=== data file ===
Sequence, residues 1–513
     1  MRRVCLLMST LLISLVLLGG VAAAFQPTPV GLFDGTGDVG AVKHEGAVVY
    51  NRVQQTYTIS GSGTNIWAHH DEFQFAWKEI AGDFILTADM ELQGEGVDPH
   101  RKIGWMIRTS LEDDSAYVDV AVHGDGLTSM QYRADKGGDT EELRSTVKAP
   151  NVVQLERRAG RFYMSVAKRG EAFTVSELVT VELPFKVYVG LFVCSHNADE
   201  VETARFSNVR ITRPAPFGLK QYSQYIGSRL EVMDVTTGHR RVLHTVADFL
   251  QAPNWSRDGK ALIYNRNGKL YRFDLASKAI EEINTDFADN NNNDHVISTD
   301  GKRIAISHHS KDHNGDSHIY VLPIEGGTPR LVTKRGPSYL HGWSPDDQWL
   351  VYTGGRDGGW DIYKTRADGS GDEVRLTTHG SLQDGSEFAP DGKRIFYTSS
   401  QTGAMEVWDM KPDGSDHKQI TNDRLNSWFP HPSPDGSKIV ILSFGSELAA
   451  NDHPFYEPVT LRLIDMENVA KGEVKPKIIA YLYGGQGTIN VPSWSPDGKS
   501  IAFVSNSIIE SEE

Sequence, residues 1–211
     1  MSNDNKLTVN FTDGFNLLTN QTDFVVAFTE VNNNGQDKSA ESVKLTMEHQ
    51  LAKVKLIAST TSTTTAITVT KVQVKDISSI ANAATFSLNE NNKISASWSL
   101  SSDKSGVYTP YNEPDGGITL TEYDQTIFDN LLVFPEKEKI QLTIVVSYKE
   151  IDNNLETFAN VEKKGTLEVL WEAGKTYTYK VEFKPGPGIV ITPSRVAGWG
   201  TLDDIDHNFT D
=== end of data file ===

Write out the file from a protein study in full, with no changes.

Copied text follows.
Sequence, residues 1–513
     1  MRRVCLLMST LLISLVLLGG VAAAFQPTPV GLFDGTGDVG AVKHEGAVVY
    51  NRVQQTYTIS GSGTNIWAHH DEFQFAWKEI AGDFILTADM ELQGEGVDPH
   101  RKIGWMIRTS LEDDSAYVDV AVHGDGLTSM QYRADKGGDT EELRSTVKAP
   151  NVVQLERRAG RFYMSVAKRG EAFTVSELVT VELPFKVYVG LFVCSHNADE
   201  VETARFSNVR ITRPAPFGLK QYSQYIGSRL EVMDVTTGHR RVLHTVADFL
   251  QAPNWSRDGK ALIYNRNGKL YRFDLASKAI EEINTDFADN NNNDHVISTD
   301  GKRIAISHHS KDHNGDSHIY VLPIEGGTPR LVTKRGPSYL HGWSPDDQWL
   351  VYTGGRDGGW DIYKTRADGS GDEVRLTTHG SLQDGSEFAP DGKRIFYTSS
   401  QTGAMEVWDM KPDGSDHKQI TNDRLNSWFP HPSPDGSKIV ILSFGSELAA
   451  NDHPFYEPVT LRLIDMENVA KGEVKPKIIA YLYGGQGTIN VPSWSPDGKS
   501  IAFVSNSIIE SEE

Sequence, residues 1–211
     1  MSNDNKLTVN FTDGFNLLTN QTDFVVAFTE VNNNGQDKSA ESVKLTMEHQ
    51  LAKVKLIAST TSTTTAITVT KVQVKDISSI ANAATFSLNE NNKISASWSL
   101  SSDKSGVYTP YNEPDGGITL TEYDQTIFDN LLVFPEKEKI QLTIVVSYKE
   151  IDNNLETFAN VEKKGTLEVL WEAGKTYTYK VEFKPGPGIV ITPSRVAGWG
   201  TLDDIDHNFT D